Monday, July 12, 2010

False Kiva






The ride into Moab was beautiful, I had rented a high clearance, 4 wheel drive for the journey. A red sunset painted the mountains and increased my excitement, which already was in overdrive. I was heading into Anasazi country, to hike into canyons looking for the remnant ruins of Ancient Pueblo generations who somehow thrived in this seemingly desolate country. The sacredness of the Anasazi lies in their kivas, temples lying beneath the floors of their homes. Kivas were places of gathering, and served many purposes: spiritual ceremonies, school, workshop, and family communion. The walls of the kiva were decorated with pictographs and petroglyphs, the precise meanings of which are unknown. Their homes were organically built into magnificent rock walls, with beautiful views and easily defensible positions located above any potential attackers. Gravity was strategically on their side when it came to enemies, though that also made daily chores, hunting, and farming a difficult trudge up and down rock strewn canyons.

The homes literally blended with the surroundings, made of the same rocks as the expansive canyon walls they were nestled into, using the surrounding dirt as wet mortar for insulation and protection from the elements, insects, and small animals. It's a testament to both the homes and the environment that thousand-year-old homes and petroglyphs remained in place, with pottery shards, hand-spun string, and discarded corn cobs still present at some sites.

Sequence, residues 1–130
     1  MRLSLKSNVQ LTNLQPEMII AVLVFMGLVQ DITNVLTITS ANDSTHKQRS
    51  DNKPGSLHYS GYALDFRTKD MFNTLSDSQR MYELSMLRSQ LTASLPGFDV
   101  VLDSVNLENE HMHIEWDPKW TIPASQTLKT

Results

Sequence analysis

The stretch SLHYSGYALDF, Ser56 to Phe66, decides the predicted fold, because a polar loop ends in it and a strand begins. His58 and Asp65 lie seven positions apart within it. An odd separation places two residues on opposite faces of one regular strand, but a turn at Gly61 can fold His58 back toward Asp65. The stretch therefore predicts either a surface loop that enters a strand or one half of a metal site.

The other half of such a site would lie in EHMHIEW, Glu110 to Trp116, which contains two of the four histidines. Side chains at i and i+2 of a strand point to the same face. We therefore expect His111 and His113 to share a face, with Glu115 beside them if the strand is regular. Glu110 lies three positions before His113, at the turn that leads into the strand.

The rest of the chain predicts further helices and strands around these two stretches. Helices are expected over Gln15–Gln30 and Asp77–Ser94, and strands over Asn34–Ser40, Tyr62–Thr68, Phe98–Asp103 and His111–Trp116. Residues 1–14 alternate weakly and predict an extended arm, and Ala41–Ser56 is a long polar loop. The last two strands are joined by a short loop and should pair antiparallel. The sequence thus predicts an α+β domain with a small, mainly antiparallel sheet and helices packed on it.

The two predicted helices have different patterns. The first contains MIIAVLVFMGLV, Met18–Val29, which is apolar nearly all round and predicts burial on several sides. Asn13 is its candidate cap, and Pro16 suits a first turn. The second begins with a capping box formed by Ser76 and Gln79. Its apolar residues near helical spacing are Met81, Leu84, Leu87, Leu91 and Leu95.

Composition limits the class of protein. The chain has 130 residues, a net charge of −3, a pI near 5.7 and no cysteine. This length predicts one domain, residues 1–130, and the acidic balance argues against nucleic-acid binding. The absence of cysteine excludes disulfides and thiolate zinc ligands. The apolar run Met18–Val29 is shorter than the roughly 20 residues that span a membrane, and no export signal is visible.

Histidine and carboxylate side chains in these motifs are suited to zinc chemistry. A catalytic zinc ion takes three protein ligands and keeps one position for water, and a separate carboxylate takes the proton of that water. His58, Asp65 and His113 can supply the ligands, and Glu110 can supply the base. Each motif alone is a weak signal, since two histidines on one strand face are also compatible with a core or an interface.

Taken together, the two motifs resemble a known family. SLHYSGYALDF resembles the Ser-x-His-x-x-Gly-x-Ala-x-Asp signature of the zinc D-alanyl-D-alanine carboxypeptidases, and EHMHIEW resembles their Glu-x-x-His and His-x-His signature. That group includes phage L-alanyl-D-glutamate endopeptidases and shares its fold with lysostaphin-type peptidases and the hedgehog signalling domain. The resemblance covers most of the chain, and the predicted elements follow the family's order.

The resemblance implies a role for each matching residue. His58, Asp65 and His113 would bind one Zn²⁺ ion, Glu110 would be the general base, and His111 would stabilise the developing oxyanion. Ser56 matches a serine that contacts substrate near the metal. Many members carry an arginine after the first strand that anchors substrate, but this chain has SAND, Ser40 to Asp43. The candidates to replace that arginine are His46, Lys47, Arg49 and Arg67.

False Kiva, pictured here, is hidden under a vast alcove at the edge of Island of the Sky, and there are no maps to the spot. The trailhead is found along the road out to the Upheaval Dome. It's steep and rocky and a bit treacherous due to the loose stones underfoot. After a three hour hike in one hundred degree temps, a small sun-filled alcove appeared in the amphitheater walls, though I never would have known there was an Anasazi ruin in there if I didn't have a destination in mind already. Criss-crossing the boulder-strewn base of the cliffs, I hiked steeply up to the alcove. Once there, the foundation of a round kiva overlooked the vast canyonlands and buttes beyond.

Debate rages on whether to disclose the exact location of False Kiva as it enjoys a semi-protected status and it does not appear on official maps of the park. Because of the remoteness of the location, the site itself is not protected from vandalism of any kind. The exact coordinates for False Kiva are occasionally divulged on forums, but GPS users should be aware that these GPS coordinates can place hikers 500 feet directly above False Kiva which would then require the hiker to repel down the steep vertical walls of the mountain.




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